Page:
food and beverages

Organic CEOs Engage In Video Duel


Organic yogurt company Stonyfield Farm is launching a year-long education campaign to encourage consumers to buy more organic food and beverages.

The effort includes a rap video by company CEO Gary Hirshberg. His effort was followed by a similar video from Coca-Cola's Honest Tea CEO Seth Goldman. Both companies are conducting promotions and giveways around their videos, which can both be seen at the Honest Tea Web site,

Stonyfield is collaborating with Honest Tea on a contest in honor of Earth Month. Consumers can create a video for an opportunity to win $1,000 and a month's supply of Stonyfield yogurt and Honest Tea.

The company is conducting a separate video contest in conjunction with its "The Organic Moment" interactive digital platform. Contestants in that contest can win a year's supply of organic groceries from Stonyfield Farm and other organic brands including Honest Tea, Annie's, Happy Baby, Grandy Oats Granola, Late July, Nature's Path, Organic Valley and Theo Chocolate.



The site, at, already includes stories from notables such as "Food, Inc." director Robert Kenner and founder of "Meatless Mondays" Chris Elam. Consumers are invited to send in their stories as texts, photos or no-fuss videos, like Flip cam, web cam, or mobile cam.

Both companies are promoting their initiatives on social media including Facebook and Twitter.

"We created a tab for Facebook, which will appear when new consumers visit our Facebook page," Honest Tea CEO Seth Goldman tells Marketing Daily."We're working with our retail partners like Sprouts to include it in their newsletters, which will reach a number of our consumers through the places they like to shop. We're hoping that the great message (well-timed with Earth Month) and the fun nature of the video will encourage viewers to pass it along to their friends and networks."

The dueling videos and similar educational campaigns came about because the CEOs are longtime friends, Goldman says. Hirshberg sits on the advisory council at Honest Tea, as well as being his mentor, Goldman adds.

"Despite the disbelief of my three sons, I actually was in a rap group in college, (the Educated Devastators, Harvard '87), Goldman says. "So when I saw Gary's rap, I knew that we could put together a very different kind of rap that could also help generate awareness about the importance of organics. I have been continually disappointed to see market research that shows consumers still don't understand what the term 'organic' means, so anything we can do to help them appreciate why organics matter is worth doing, up to and including embarrassing ourselves."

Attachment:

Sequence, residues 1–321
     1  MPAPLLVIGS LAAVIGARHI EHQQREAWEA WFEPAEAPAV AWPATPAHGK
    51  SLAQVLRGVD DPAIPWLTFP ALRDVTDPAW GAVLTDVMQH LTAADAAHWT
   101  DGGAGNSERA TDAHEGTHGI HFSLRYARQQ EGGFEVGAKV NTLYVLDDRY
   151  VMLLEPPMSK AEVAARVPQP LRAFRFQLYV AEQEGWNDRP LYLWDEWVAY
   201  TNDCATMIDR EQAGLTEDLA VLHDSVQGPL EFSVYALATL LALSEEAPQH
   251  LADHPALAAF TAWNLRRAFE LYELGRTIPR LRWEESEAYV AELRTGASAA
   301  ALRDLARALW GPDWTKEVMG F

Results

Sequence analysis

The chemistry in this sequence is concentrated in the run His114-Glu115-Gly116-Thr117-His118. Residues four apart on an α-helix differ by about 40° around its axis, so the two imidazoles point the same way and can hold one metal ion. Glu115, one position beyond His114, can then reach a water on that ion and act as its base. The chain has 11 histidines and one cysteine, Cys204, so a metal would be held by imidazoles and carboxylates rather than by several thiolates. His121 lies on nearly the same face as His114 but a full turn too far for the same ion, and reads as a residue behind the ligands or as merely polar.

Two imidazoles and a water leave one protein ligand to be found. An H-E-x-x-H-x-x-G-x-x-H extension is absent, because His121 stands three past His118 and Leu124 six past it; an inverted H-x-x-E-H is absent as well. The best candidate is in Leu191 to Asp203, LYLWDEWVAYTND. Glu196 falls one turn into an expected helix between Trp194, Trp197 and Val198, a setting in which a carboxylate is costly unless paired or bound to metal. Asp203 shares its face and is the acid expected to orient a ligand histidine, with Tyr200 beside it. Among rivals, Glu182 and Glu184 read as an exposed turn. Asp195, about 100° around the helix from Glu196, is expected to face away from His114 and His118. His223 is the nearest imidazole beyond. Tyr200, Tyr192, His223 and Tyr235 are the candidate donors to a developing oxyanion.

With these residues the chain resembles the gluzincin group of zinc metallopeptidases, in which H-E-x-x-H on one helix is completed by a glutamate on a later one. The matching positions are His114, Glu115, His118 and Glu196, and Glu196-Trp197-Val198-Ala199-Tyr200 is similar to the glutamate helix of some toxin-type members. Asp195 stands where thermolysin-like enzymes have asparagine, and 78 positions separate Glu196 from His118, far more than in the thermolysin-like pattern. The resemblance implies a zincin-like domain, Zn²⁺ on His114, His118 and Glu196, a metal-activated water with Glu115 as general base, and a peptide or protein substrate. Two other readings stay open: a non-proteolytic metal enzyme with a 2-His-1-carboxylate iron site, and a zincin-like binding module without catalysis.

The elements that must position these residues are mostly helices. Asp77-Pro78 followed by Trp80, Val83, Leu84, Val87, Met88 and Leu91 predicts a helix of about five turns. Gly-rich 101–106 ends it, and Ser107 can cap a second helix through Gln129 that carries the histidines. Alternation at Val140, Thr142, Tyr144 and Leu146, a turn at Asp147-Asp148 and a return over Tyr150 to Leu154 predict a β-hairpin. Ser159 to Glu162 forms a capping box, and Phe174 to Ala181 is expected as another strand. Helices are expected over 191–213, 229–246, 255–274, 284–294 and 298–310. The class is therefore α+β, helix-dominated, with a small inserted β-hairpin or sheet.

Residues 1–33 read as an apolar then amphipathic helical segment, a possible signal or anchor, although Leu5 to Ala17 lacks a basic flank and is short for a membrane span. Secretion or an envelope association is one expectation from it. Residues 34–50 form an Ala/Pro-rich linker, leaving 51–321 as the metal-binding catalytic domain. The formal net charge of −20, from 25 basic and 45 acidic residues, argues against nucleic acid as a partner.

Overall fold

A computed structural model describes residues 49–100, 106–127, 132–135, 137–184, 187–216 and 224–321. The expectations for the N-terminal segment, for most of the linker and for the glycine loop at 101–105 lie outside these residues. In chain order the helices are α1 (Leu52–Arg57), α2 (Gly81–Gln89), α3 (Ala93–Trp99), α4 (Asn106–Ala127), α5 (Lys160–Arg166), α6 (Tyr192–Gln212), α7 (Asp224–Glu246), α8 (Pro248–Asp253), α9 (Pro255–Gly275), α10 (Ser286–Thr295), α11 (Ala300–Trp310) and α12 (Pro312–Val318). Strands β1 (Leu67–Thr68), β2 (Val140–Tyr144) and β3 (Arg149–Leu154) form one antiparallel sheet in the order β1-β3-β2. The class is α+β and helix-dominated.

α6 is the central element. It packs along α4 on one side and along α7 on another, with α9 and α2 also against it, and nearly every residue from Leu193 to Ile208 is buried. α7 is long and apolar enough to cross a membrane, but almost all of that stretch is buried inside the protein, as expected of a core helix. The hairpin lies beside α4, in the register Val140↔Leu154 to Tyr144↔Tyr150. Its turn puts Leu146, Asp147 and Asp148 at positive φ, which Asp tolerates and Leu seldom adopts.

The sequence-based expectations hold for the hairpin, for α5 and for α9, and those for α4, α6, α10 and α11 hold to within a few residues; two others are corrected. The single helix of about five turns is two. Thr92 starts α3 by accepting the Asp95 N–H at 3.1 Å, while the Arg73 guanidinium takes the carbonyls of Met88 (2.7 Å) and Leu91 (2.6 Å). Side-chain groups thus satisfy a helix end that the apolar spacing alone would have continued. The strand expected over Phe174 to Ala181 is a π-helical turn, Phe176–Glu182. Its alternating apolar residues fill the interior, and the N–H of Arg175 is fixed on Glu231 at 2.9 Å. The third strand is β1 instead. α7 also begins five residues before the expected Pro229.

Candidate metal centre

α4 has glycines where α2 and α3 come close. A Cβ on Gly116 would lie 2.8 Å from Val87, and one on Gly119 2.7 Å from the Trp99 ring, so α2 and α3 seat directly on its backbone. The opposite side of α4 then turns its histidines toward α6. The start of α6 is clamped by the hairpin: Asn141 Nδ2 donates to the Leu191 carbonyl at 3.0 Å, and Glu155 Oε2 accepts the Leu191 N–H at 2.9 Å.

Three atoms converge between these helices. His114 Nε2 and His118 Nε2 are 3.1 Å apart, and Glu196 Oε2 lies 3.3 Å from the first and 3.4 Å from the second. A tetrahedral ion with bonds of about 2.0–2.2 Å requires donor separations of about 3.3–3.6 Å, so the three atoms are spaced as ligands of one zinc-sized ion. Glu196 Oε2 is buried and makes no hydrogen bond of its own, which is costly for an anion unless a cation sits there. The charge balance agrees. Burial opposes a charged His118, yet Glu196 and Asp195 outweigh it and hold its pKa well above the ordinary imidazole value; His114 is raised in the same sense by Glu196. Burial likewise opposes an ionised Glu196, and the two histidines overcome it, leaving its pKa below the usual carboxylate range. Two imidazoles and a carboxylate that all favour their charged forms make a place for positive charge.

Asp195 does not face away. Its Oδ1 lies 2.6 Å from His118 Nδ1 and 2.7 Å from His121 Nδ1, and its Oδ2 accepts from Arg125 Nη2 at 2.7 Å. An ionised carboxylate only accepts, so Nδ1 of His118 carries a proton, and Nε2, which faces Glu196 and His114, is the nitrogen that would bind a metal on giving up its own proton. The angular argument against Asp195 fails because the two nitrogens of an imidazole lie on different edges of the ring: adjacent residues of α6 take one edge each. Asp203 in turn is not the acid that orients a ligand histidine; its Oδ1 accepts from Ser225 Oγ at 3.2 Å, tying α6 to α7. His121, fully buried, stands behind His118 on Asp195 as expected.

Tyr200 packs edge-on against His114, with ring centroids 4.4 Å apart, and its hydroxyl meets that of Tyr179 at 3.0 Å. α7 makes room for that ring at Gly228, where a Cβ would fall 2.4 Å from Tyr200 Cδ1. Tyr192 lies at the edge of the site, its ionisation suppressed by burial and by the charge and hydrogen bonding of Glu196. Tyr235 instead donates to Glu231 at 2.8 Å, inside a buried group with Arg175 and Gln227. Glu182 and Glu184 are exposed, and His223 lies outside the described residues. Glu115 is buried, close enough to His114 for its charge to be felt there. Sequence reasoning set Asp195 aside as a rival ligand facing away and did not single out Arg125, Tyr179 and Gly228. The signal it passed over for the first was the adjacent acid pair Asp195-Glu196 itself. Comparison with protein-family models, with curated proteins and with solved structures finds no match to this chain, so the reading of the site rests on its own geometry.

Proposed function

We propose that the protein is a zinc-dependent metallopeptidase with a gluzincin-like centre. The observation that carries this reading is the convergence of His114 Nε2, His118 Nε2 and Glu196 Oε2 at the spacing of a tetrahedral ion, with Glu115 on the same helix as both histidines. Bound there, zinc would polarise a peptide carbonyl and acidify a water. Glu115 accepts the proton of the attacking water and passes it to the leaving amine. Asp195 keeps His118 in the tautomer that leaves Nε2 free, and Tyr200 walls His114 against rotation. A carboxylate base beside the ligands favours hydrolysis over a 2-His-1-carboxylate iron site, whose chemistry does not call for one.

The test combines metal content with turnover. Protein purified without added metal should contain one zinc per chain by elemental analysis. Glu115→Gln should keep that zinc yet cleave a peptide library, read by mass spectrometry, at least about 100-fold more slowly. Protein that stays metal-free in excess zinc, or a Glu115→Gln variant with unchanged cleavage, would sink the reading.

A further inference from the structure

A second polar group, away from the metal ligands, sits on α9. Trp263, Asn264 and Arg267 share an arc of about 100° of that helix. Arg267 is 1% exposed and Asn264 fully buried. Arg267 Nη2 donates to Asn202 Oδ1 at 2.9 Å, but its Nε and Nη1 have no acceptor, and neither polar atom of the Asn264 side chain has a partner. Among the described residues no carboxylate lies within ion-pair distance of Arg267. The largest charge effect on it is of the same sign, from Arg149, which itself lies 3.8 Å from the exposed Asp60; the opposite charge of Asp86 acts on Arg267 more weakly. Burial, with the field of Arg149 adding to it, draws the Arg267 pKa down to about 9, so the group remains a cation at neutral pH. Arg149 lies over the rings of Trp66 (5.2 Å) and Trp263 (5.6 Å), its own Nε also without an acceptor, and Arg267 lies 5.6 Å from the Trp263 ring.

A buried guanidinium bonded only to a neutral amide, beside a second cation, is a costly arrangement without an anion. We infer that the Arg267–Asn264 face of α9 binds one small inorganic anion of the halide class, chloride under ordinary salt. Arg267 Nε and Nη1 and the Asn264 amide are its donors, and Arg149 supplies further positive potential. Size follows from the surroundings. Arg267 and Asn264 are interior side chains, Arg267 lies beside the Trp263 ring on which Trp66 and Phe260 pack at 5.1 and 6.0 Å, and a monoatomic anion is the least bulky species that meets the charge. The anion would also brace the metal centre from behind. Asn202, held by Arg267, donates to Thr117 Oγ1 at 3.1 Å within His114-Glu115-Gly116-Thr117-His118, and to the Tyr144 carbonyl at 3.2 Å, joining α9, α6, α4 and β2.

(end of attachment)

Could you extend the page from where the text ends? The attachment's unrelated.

Stonyfield Farm's Social Media Manager Amy VanHaren says that in addition to social media, traditional media and community outreach also will be used to promote the contests and educational effort. "In addition, we've initiated direct email contact with partners that we've worked with before (including our trade association and like-minded companies and personalities) to ask them to alert their communities and bloggers and we're asking all of Stonyfield's community to be ambassadors and share with friends and family," VanHaren tells Marketing Daily.

The target demographic for the campaign is "anyone who eats," adds Stonyfield Farm Communications and Social Media Vice President Alice Markowitz. "We want everyone who thinks about what they eat to share," she says. "And if some of our favorite eaters -- Jon Stewart or Stephen Colbert, or Ellen (DeGeneres) or 'The View' -- want to view these raps, then Gary is more than happy to come on and sing in person."

The videos from both companies are light-hearted, but also convey some troubling facts and figures and images about non-organic food.

Stonyfield Farm's video tells the story of America's switch from family farms to modern agriculture, which allowed "Big Agriculture" to profit while consumers became addicted to convenient foods that are bad for their health." Cancer rates are steadily rising, in kids and moms and dads," Hirshberg raps. "A baby born in Birmingham, Boise, Bend or Boston now has in her cord blood almost 300 toxins. The U.S. Cancer Panel Study makes me ill at ease 'cause 41% of us will get this disease. Cut out unnecessary chemicals is what they prescribe. So to avoid getting sick, just change the stuff you imbibe!"

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